[65] On Rabbi Yitzchak Meir Morgenstern, see Jonathan Garb, “Mystical and Spiritual Discourse in the Contemporary Ashkenazi Haredi Worlds,” Journal of Modern Jewish Studies 9:1 (March 2010): 17-36; Jonathan Garb, Yearnings of the Soul: Psychological Thought in Modern Kabbalah (Chicago University Press, 2015), 140-144; Aubrey Glazer, Mystical Vertigo: Contemporary Kabbalistic Hebrew Poetry Dancing Over the Divide (Boston: Academic Studies Press, 2013), 21-70; Elliot R. Wolfson, A Dream Interpreted Within a Dream: Oneiropoiesis and the Prism of Imagination (New York: Zone Books, 2011), 230-235, and Elliot R. Wolfson, “Afterword,” in Aubrey Glazer, Mystical Vertigo: Contemporary Kabbalistic Hebrew Poetry Dancing Over the Divide (Boston: Academic Studies Press, 2013), 270-273.
[66] For an autobiographical depiction of R. Schatz undergoing the same process of unlearning, see the introduction to Moshe Schatz, Maayan Moshe (Jerusalem, 2013), Jonathan Garb, Yearnings of the Soul: Psychological Thought in Modern Kabbalah (Chicago: The University of Chicago Press, 2015), 122-123.
[67] Rabbi Meir Triebitz’s classes can be found online here.
[68] Gershom Scholem, Kabbalah (New York: Meridian, 1978), 144.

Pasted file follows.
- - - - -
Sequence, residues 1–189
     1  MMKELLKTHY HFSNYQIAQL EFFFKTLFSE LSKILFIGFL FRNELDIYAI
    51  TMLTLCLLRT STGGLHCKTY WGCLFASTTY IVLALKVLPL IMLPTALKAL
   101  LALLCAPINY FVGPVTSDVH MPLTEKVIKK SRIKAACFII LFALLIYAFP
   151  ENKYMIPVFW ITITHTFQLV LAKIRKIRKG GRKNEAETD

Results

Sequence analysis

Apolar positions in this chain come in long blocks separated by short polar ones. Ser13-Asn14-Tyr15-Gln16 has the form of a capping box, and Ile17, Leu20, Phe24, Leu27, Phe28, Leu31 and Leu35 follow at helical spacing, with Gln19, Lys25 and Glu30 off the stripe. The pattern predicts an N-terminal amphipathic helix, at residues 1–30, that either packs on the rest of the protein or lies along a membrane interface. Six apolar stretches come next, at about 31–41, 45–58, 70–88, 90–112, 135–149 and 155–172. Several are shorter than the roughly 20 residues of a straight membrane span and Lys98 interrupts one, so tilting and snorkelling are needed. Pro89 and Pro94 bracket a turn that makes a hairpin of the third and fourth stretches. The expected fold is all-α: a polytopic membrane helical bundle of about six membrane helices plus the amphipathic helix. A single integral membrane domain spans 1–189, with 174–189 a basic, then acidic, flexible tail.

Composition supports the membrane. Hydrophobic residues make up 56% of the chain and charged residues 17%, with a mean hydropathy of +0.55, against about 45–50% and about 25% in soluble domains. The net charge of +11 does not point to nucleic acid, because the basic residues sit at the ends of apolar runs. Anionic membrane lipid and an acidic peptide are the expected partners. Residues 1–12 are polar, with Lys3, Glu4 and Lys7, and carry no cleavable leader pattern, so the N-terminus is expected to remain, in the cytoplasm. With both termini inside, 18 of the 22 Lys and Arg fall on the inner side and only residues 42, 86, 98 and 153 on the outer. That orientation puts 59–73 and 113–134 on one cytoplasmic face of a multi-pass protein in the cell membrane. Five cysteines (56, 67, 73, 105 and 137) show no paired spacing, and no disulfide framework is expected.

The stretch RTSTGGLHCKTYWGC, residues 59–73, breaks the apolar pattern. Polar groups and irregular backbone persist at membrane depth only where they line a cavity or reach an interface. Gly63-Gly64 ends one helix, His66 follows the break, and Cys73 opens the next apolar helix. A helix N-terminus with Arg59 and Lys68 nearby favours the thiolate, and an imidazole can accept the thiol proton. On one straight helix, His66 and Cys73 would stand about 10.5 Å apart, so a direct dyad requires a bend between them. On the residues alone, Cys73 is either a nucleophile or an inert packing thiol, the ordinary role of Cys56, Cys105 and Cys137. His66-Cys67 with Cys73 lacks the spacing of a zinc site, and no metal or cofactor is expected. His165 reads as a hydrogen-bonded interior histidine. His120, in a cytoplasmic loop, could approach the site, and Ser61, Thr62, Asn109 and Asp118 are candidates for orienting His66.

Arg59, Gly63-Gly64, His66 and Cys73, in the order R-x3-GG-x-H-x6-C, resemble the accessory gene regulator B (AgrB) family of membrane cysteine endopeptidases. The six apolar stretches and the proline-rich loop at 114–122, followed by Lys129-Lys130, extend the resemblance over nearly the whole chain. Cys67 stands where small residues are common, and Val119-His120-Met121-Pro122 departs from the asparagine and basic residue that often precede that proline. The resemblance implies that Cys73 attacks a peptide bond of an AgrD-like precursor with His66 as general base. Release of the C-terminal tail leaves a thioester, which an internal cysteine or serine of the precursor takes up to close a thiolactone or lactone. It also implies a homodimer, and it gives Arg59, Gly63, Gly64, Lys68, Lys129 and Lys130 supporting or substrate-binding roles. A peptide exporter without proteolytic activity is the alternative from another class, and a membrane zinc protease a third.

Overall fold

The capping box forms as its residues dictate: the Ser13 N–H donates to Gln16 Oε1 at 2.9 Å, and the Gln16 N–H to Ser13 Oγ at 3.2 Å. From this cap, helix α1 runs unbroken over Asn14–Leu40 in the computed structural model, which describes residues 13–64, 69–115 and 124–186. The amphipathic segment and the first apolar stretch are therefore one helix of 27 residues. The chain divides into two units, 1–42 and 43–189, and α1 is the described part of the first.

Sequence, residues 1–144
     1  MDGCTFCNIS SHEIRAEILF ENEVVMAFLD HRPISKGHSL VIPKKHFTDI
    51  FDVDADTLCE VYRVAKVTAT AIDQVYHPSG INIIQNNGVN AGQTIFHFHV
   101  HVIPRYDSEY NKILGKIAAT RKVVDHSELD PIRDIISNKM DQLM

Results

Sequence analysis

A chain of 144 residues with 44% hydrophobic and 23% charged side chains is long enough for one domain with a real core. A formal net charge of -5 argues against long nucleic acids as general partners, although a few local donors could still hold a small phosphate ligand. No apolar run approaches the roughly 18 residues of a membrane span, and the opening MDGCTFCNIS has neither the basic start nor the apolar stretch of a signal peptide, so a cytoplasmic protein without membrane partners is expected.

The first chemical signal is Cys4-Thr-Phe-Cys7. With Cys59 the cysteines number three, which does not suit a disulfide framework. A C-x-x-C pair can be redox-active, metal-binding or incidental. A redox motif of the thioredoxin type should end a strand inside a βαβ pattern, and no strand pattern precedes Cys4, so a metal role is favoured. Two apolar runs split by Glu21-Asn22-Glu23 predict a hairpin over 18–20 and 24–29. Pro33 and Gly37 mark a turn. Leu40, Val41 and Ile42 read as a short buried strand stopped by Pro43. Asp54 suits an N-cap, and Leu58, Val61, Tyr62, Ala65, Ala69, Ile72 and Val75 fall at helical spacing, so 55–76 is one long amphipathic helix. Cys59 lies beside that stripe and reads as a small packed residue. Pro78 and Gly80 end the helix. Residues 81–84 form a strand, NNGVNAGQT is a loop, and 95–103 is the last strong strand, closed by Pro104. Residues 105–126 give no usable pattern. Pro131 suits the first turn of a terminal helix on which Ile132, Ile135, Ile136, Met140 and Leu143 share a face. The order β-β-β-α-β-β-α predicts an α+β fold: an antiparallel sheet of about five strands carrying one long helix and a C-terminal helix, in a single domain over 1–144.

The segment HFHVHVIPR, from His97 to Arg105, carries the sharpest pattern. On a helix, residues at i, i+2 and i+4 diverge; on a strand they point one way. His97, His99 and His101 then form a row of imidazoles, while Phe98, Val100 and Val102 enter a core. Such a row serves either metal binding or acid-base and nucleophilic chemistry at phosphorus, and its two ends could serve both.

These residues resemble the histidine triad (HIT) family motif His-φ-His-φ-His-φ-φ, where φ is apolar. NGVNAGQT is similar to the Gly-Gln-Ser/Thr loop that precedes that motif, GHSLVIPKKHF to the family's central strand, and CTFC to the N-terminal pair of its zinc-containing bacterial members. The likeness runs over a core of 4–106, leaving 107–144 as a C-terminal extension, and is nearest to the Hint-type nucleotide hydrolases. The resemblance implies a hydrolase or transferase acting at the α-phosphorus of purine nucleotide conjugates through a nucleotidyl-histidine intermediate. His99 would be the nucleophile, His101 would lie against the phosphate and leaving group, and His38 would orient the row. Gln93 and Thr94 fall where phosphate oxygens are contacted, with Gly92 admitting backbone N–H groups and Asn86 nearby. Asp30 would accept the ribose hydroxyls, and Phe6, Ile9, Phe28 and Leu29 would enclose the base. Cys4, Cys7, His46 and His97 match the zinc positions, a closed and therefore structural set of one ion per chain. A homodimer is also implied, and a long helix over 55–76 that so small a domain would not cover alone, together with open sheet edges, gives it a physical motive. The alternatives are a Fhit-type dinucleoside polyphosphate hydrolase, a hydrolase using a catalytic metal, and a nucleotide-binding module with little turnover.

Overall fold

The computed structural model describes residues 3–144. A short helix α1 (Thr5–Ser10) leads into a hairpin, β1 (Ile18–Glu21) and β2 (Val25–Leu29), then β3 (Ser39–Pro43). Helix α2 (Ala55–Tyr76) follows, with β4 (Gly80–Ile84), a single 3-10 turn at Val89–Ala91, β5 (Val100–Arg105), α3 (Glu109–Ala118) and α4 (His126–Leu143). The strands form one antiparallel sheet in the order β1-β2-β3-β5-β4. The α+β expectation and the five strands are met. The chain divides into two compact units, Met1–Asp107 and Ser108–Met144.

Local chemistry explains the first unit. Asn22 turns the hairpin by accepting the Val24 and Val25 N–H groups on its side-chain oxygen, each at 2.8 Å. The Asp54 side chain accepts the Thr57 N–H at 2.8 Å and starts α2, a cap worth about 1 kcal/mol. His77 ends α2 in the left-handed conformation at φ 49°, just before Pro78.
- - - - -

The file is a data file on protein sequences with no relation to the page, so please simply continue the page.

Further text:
[69] Gershom Scholem, Major Trends in Jewish Mysticism (Schocken, 1978), 136.
[70] Ibid., 404n56. See also Daniel Abrams, Kabbalistic Manuscripts and Textual Theory: Methodologies of Textual Scholarship and Editorial Practice in the Study of Jewish Mysticism (Jerusalem: Magnes Press, 2010).
[71] Mordechai Pachter, “Circles and Straightness: A History of an Idea (From Lurianic Kabbalah to the Teachings of Rav Kook),” Da'at 18 (1987), 59-90 (Hebrew), translated and reprinted in Mordechai Pachter, Roots of Faith and Devequt: Studies in the History of Kabbalistic Ideas (Cherub Press, 2004), 131-185.
[72] Ibid., 143n26.
[73] Jonatan Meir, Rehovot HaNahar: Kabbalah and Exoterica in Jerusalem (1896-1948) (Jerusalem: Yad Ben Zvi, 2011), 51.
[74] Ibid.
[75] Ibid. 51n137.
[76] See Jonatan Meir, “Wrestling with the Esoteric: Hillel Zeitlin, Yehudah Ashlag, and Kabbalah in the Land of Israel,” in Ephraim Meir and Haviva Pedaya, eds., Judaism: Topics, Fragments, Faces and Identities: In Honor of Professor Rivka Horwitz (Beer Sheva: Ben Gurion University of the Negev Press, 2007), 585-647, esp. 602-604 (Hebrew).
[77] Regarding the similarities between the Leshem and Rashash’s approach to the literalist/figurative discussion regarding Lurianic Kabbalah, see Rav Yaakov Hillel, Ad ha-Gal ha-Zeh (Ahavat Shalom, 2004), 97-132 (Hebrew).
[78] See Elliot R. Wolfson, A Dream Interpreted Within a Dream: Oneiropoiesis and the Prism of Imagination (New York: Zone Books, 2011), 200.